Another fantastic offering from Cypher Books, which has fast become one of my favorite indie poetry publishers. I can only hope to see more and more new titles from them. What I enjoy about Rachel McKibbens is the well-crafted, no holds barred fierceness of her confessions, catharses, and epiphanies. McKibbens’s lovely and serrated debut collection, Pink Elephant, reminds us why poetry as testimony is so necessary. The ex-punk rock chola and mother of five, 2009 Women’s Individual World Poetry Slam champion writes about abandonment and abuse in stark, startling language and well-wrought fable, delivered in well-paced lines, laying bare the history of a woman who’s “fed [her] body to the hungry for years.”

Rebecca Mabanglo-Mayor | Pause Mid-Flight | Surrounding Sky Studio | 2010

Storyteller and poet Mabanglo-Mayor’s collection contains a chapbook and CD. Her poems are incantation and spellcasting, a nice synthesis of memory, body politics, Philippine and Pacific Northwest geography and mythology.

Joseph Bruchac | Above the Line | West End | 2003

One of the more memorable poems in this collection is the one in which Bruchac references that X-Files episode—an Area 51 experiment causes a US Air Force pilot and an old Hopi woman to switch bodies, and the front half of a gila monster to be encased in a stone. This poem verges on rant (he almost loses his cool and poetic poise), and so I mention it here, so that we can think of one aspect of Bruchac’s work, his writing against and pointedly calling out USA mainstream pop culture use of Native Americans. We still equate the people with scenery and wildlife.

Manuel Maples Arce | City: A Bolshevik Superpoem in 5 Cantos | Ugly Duckling Presse | 2010

Reading Arce’s City: Bolshevik Superpoem in 5 Cantos, I can’t help but think Whitman, and Ginsberg, though I understand this poem was originally published in 1924, so it predates Ginsberg. Of course, I also think of Lorca’s Poeta en Nueva York, obviously because Arce wrote the poem in Spanish, but mostly for the kind of surreal bustling and teeming masses (though not so much vomitous masses). Still, I think of the poet (Arce, Lorca, Whitman, Ginsberg) holding his gaze primarily at (literal and figurative) ground level, an expansive, panoramic gaze in terms of who inhabits the city’s streets, who makes the city work.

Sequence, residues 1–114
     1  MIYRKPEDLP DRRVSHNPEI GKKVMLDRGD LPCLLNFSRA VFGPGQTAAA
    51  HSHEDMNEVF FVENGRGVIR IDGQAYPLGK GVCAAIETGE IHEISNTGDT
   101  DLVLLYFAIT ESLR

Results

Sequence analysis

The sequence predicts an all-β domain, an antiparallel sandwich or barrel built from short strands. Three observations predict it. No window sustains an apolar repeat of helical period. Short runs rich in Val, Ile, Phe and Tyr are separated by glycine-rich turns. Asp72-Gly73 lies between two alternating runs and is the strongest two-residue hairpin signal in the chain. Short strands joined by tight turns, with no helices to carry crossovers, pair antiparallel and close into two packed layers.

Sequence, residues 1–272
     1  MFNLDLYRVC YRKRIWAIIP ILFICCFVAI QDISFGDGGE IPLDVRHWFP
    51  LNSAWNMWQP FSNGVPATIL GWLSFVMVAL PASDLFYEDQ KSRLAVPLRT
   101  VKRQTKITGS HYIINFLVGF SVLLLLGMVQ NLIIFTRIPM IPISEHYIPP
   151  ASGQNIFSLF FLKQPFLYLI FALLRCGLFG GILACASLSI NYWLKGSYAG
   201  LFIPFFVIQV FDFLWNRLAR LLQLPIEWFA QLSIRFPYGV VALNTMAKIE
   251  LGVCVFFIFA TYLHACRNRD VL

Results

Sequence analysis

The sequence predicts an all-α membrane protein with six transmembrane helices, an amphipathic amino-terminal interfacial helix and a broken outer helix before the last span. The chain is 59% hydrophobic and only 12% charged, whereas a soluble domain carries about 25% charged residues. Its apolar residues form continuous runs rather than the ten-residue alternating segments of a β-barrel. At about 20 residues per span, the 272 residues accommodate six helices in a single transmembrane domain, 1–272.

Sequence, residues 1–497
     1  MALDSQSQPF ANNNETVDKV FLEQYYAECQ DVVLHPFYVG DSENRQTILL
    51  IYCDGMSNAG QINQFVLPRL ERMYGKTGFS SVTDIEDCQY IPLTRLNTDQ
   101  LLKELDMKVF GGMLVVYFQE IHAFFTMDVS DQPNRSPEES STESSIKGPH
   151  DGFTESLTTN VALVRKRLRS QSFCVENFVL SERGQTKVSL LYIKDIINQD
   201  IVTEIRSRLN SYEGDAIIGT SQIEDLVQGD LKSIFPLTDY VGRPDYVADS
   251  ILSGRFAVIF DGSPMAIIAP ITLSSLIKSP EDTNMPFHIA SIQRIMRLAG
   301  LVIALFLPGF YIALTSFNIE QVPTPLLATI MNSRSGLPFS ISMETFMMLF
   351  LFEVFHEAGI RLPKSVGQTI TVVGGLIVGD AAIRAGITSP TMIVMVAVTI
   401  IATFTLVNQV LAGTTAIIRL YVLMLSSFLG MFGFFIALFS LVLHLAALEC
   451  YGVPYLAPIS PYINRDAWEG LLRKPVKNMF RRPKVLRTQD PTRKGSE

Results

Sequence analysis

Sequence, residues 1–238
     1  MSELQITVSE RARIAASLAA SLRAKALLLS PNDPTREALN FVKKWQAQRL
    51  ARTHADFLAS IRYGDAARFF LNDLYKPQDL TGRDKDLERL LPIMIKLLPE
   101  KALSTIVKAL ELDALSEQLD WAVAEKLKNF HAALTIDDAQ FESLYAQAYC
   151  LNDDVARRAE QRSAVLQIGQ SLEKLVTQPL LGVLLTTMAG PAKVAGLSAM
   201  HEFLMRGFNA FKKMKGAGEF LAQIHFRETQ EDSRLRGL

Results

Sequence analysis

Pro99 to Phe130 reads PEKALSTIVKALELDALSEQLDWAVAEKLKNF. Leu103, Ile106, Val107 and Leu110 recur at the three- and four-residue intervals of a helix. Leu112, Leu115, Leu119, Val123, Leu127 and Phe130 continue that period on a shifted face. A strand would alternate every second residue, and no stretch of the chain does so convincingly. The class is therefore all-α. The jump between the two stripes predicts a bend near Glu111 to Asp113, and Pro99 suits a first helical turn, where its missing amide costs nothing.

Reginald Dwayne Betts | Shahid Reads His Own Palm | Alice James | 2010

Just read this book in one sitting. These are poems from the point of view of an incarcerated African American man, the monotony and despair of passing time, an elaboration of the culture of the “inside,” of survival, negotiation, regret, contrition. This book confirms for me that it is possible for poetry to be masculine and even muscular, but not fall into the territory of machismo. The poems are honest and heavy without being heavy-handed and dramatic. The “I” of these poems I appreciate for his emotionally balanced tone, so as not to fetishize (glorify or denigrate) the incarcerated, or give us spectacle and sentimentality. The words which compose these lines are well-considered. The lines which compose these poems are clean, even lithe. They give space, or open themselves up to the reader without pandering or relying on cliché.

I realize that it becomes easy to enter any poem or body of poems about subject matter with which I am unfamiliar, when the poems open themselves, give us readers space to actually read them.

I was just talking the other day about poetry collections that suffocate, as if I am trapped in a too-warm, unventilated room, and someone’s perfume is so strong it’s weighing down my lungs with its fragrance. It’s too much, and if I were elsewhere, a ventilated or open air space, I could appreciate how lovely the fragrance is.

I bring this up now just to say that Dwayne’s collection is the opposite of this. Perhaps that’s ironic, given the potential suffocation of the jail cell which I think he conveys well throughout the collection. Still, there’s that infernally slow passage of time, which I think necessitates the precision of word choice, punctuation, and line break, and which I think are very well-handled.

More Barbara Jane Reyes here. Her Attention Span for 2009. Back to directory.